Sales Clinic: What Do You Sell?

A Printing Salesman walks into a bar…

He takes a seat at the corner of the bar itself. There are four other customers, two to his right, and two to his left, across the angle. The bartender says: “What’ll you have?”

“Schlitz draft,” the Printing Salesman says, and the bartender shuffles over to the tap to draw the beer.

“You look like a salesman,” says the customer farthest across the angle. “What do you sell?

“Printing,” says the Printing Salesman.

“That’s interesting,” says the customer. “So, can you believe the Pats got beat by those miserable Jets?”

 

Bar Scene: Take 2

A Printing Salesman walks into a bar…

He takes a seat at the corner of the bar itself, with the same four other customers. The bartender says: “What’ll you have?”

“Schlitz draft,” the Printing Salesman says, and the bartender shuffles over to the tap to draw the beer.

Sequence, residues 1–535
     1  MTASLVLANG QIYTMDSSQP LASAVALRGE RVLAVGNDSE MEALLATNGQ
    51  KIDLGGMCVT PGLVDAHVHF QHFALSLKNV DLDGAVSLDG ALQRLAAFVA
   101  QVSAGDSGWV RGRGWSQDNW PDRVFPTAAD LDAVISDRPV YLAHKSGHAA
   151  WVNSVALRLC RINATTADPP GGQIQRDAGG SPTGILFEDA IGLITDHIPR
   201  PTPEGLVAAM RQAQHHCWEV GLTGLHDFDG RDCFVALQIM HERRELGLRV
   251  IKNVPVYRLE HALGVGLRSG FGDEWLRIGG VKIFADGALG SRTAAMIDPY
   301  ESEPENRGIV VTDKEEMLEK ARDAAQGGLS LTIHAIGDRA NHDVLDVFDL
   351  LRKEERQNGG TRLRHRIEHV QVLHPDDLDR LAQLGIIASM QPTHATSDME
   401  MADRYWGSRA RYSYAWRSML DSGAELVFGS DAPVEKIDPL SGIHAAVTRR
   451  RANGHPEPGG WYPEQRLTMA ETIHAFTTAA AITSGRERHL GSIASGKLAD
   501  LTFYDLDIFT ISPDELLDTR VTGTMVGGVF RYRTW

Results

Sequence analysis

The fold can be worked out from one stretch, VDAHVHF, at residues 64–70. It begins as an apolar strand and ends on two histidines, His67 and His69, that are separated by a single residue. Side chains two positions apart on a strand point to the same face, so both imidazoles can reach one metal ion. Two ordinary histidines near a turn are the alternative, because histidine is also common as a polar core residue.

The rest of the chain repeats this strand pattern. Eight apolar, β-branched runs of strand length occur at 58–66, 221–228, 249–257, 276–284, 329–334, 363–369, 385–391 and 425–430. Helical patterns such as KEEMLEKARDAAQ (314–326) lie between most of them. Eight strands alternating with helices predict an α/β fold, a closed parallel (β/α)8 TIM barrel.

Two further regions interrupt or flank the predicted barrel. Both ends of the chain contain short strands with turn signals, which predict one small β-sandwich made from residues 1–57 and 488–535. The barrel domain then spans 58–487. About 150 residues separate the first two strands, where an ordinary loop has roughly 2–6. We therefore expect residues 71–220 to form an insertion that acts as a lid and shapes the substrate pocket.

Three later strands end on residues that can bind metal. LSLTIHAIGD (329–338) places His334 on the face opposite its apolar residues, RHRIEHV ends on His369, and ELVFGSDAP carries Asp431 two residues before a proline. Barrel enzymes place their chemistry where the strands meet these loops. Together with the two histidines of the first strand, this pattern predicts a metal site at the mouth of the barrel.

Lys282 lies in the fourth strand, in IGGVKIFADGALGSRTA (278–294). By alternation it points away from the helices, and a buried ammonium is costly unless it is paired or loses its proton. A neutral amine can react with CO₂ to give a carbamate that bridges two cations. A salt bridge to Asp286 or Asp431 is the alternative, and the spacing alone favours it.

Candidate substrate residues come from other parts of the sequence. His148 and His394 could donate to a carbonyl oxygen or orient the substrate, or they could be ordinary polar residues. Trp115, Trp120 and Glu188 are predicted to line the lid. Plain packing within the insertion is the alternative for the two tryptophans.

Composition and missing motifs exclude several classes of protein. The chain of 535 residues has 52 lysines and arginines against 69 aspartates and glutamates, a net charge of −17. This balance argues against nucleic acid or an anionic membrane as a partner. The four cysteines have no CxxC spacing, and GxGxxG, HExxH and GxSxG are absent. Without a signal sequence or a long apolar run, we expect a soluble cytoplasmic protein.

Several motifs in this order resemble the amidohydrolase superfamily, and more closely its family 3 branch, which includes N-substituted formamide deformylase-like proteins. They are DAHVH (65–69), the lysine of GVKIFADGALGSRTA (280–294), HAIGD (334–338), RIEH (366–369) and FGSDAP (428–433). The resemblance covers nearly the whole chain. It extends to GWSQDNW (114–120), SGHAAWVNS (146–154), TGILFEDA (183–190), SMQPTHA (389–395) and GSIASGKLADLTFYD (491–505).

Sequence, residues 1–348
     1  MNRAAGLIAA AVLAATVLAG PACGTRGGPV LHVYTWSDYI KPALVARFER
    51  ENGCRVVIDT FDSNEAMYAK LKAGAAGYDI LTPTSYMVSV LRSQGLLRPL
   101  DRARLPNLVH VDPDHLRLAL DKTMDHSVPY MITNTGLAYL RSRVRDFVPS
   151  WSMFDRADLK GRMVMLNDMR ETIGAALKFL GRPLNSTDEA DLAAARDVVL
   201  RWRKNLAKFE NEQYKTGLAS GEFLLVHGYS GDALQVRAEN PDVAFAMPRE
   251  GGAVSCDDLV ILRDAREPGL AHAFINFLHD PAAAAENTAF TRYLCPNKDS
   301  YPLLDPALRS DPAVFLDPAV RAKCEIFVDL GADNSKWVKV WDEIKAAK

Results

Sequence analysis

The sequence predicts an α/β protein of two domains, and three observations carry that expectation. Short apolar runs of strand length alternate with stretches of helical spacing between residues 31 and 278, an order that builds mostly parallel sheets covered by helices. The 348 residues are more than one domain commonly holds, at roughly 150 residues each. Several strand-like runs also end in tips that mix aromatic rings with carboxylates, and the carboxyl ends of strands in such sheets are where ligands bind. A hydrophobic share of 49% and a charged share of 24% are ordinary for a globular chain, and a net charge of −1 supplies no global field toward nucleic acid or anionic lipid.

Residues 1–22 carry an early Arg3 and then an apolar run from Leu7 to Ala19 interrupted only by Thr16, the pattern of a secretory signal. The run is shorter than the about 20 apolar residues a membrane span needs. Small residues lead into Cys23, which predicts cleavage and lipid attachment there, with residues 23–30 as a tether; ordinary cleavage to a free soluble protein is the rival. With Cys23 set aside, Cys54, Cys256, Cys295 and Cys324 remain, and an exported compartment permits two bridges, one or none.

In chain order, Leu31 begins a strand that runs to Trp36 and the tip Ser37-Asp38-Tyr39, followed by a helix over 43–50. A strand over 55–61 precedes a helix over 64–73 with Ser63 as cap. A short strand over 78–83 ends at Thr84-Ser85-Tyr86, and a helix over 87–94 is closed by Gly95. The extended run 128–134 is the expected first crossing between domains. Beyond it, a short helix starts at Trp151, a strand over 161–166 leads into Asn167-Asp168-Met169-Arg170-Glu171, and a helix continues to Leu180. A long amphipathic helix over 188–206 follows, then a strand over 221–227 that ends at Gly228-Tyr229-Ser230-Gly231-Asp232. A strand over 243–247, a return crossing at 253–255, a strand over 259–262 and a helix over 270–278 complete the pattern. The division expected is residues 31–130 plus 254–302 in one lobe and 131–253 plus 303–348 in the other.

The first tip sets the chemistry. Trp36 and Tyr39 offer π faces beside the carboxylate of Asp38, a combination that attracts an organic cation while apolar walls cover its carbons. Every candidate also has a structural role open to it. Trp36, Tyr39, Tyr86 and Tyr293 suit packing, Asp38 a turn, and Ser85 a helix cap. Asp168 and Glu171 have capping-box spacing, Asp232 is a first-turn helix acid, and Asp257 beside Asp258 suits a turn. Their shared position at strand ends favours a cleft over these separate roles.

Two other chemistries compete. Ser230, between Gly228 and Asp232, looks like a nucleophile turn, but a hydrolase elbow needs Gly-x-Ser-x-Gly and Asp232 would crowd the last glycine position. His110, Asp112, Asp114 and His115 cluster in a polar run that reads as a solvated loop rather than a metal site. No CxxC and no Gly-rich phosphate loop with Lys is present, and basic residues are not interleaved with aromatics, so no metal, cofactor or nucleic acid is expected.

“You look like a salesman,” says the customer farthest across the angle. “What do you sell?

“Well, that’s a good question. Do you want the short answer, or can I give you the longer answer?” says the Printing Salesman.

“That’s an interesting way of starting a conversation,” says the customer. “I got nowhere in particular to be, so let’s hear the long answer.”

“OK, to start with, I work for Superfast Printing and Graphics, right here in town. Do you know where we are, over on Green Street?”

“Yes, right next to Curly’s Barber Shop, right?”